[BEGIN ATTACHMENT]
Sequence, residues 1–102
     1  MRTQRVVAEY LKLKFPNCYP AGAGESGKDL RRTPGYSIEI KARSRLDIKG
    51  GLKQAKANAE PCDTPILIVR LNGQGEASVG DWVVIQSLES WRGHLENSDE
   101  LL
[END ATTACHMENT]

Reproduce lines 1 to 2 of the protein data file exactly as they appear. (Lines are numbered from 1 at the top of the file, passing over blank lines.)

Sequence, residues 1–102
     1  MRTQRVVAEY LKLKFPNCYP AGAGESGKDL RRTPGYSIEI KARSRLDIKG